Pregnant mothers who have traumatic injuries get better experiences when treated at designated trauma centers.
According to new study results published online in the Journal of American College of Surgeons, pregnant mothers who experience traumatic injuries get better experiences when treated at hospitals that have a designated trauma center, as compared to those who are treated at non-trauma hospitals. These pregnant patients are less likely to have premature births, have a low birth weight baby, or have a meconium at delivery (which is a sign of fetal distress).
Around 8 percent of women who are pregnant experience traumatic injuries such as fractures, superficial or open wounds. According to study coauthor Major John T. Distelhorst, DO, MPH, and also a U.S. Army Preventive Medicine Physician at Fort Bragg, North Carolina, “Previous research has shown that even minor injuries in pregnancy can result in serious maternal and neonatal morbidity. In cases of injury, pregnant women have had poor neonatal outcomes, so we wanted to know whether the trauma system could better help these women.”
Trauma centers are medical facilities that specialize in monitoring and appropriately meeting the needs of injured patients. In non-pregnant populations, receiving care at trauma centers has certainly shown to decrease the risk of death and also improve outcomes after injury. On the other hand, there hasn’t been much data regarding the impact of care in trauma centers with regards to women who are pregnant. The purpose of the study that was performed was to check whether there is a correlation between the type of hospital (trauma vs. non-trauma) at which women who are pregnant receive care, to maternal and neonatal outcomes.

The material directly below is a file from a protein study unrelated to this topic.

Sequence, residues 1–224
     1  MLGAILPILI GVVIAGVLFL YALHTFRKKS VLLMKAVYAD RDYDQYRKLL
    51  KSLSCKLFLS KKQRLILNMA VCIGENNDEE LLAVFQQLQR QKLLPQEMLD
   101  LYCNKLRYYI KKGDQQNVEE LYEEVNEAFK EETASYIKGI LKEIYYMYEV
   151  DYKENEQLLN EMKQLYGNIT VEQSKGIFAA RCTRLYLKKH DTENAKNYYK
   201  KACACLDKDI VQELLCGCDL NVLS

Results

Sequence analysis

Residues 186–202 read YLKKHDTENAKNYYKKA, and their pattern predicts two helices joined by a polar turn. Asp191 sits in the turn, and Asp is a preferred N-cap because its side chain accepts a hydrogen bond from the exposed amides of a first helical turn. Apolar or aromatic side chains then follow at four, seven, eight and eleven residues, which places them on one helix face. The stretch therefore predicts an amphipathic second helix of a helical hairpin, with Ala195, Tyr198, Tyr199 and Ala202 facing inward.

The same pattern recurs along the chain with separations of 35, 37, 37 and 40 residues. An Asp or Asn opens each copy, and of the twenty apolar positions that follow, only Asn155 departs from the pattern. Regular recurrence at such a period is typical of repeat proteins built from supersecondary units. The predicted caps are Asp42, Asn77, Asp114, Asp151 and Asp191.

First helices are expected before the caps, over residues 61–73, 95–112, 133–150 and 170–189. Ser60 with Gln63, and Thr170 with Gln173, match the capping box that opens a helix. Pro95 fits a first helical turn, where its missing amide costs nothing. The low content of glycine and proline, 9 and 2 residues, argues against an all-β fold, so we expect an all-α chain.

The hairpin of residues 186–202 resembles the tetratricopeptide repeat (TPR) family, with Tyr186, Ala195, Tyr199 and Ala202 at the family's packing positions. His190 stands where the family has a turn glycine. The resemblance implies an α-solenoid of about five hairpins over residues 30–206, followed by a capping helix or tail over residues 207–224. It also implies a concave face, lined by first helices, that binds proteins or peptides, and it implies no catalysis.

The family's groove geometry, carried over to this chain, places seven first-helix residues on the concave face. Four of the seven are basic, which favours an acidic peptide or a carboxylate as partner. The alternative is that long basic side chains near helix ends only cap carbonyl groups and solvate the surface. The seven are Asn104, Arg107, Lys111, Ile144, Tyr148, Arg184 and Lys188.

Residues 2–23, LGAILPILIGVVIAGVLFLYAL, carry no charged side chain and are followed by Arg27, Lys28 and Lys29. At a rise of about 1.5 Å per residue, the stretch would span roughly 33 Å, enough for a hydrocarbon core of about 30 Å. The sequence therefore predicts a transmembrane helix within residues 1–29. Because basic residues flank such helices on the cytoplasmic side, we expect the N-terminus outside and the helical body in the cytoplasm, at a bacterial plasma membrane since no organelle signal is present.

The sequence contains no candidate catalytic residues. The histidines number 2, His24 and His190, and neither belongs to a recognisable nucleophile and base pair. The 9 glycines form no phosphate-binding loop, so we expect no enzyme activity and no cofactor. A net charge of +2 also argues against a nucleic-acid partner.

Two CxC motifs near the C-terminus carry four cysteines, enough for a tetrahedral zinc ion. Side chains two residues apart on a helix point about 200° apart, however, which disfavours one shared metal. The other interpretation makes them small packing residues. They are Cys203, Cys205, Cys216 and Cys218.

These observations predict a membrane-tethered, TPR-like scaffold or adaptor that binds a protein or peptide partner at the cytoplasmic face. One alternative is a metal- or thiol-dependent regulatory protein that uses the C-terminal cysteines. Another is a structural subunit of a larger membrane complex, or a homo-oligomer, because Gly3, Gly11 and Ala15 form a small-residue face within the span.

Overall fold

Pregnancy and Neonatal Outcomes
The researchers used two databases for this study: the Washington State Birth Events Records Database and the Comprehensive Hospital Abstract Recording System. A total of 3,429 injured pregnant women who were hospitalized in Washington State between 1995 and 2012 were considered, and their neonatal outcomes were examined.
Study co-author Vijay Krishnamoorthy, MD, assistant professor of anesthesiology at the University of Washington says that “Our study showed that about 16 percent of pregnant patients at non-trauma hospitals actually had severe injuries, implying that some of these patients might have been under triaged, as all of their care occurred at non-trauma hospitals. It might be explained by the EMS system or the fact that the patients were driven in a private vehicle to a non-trauma hospital. But we would like to learn more about how women are brought to the hospital.”
As trauma treatment systems differ from one place to another, the researchers hope that their findings will pave a way to other researches using data from other populations in the United States. Dr. Distelhorst says that their data only includes the Washington State, which has a regionalized an inclusive trauma system. He says that their results can help improve the care that is given to injured pregnant women and their soon-to-be-born children, and could also possibly help in the improvement of trauma systems located in other states.
Dr. Krishnamoorthy adds that if this finding holds true in other places, it may change triage practice, which could possibly result to pregnant patients with injuries, even moderate ones, being treated in trauma hospitals instead of normal ones.